Sadly, it's true, environmental regulation kills people

Today's reminder of the basic economic lesson, that here are no solutions only trade offs, comes in the fled of environmental regulation. It is most certainly true that at least some such saves lives. But also, near all regulation is also going to cost lives as well. It is the net position that needs to be calculated and taken into account over any specific action, not the gross in one direction or the other.

We have a report on the general circumstance:

Regulations frequently aim to reduce mortality risk, and many of them may succeed to varying degrees. But regulations can also increase mortality risk in various ways owing to unintended consequences.

One of the general observations should be that yes, forcing people to do whatever in a more expensive manner may will save the lives of some of those doing it. But doing things more expensively also means resources that cannot be devoted to other activities, some of which might save more lives. Again, this is just a statement of an obvious economic truth, resources are scarce.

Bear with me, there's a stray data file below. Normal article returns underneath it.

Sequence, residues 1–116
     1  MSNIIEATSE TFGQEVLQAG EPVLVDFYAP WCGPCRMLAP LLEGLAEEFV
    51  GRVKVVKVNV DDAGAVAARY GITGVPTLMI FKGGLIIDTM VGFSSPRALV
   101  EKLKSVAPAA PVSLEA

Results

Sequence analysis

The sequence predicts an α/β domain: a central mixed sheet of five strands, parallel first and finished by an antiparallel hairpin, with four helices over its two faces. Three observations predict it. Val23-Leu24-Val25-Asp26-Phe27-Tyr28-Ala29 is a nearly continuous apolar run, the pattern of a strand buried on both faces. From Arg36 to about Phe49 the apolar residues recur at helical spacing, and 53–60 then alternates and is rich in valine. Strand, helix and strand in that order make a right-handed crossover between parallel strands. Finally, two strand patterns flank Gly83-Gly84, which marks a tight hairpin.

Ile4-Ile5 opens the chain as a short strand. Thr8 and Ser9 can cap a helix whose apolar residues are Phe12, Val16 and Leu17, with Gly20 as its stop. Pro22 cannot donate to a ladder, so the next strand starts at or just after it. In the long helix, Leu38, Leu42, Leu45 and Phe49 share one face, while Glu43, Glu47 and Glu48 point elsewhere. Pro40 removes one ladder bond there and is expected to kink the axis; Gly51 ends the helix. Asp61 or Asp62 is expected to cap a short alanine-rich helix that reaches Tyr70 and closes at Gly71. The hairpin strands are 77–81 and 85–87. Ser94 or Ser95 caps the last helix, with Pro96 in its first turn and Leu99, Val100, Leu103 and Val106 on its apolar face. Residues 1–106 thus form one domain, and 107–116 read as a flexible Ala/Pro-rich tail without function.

But we can be more specific too, as this example about Bangladeshi ship breaking yards points out. Regulation means that using rich country breaking yards is more expensive. This could be justified, might not be, that's not the point. That point being that there's a reaction to that extra expense:

 More than 800 large ships are broken up each year, the vast majority on Asian beaches. Owners can earn an extra $1m to $4m (£740,000 to £2.96m) per ship when selling to Asian yards via cash buyers, instead of opting for recycling yards with higher standards, says Jenssen.

In that more general sense that's $1 to $4 million per ship broken which cannot be devoted to other matters, resources really are scarce. In the more specific the higher standards at those rich country yards mean more breaking is occurring in these poor country ones. Quite possibly (no, not certainly, jut possibly) leading to an overall increase in danger and death rates than is the rich country regulation were weaker and thus cheaper - but still higher than those poor country yards.

No, this isn't an argument against all an any regulation anywhere. It's only one that insists we do not have solutions, only trade offs. As such our decision making has to be about those trade offs, something all too absent from all too many such discussions.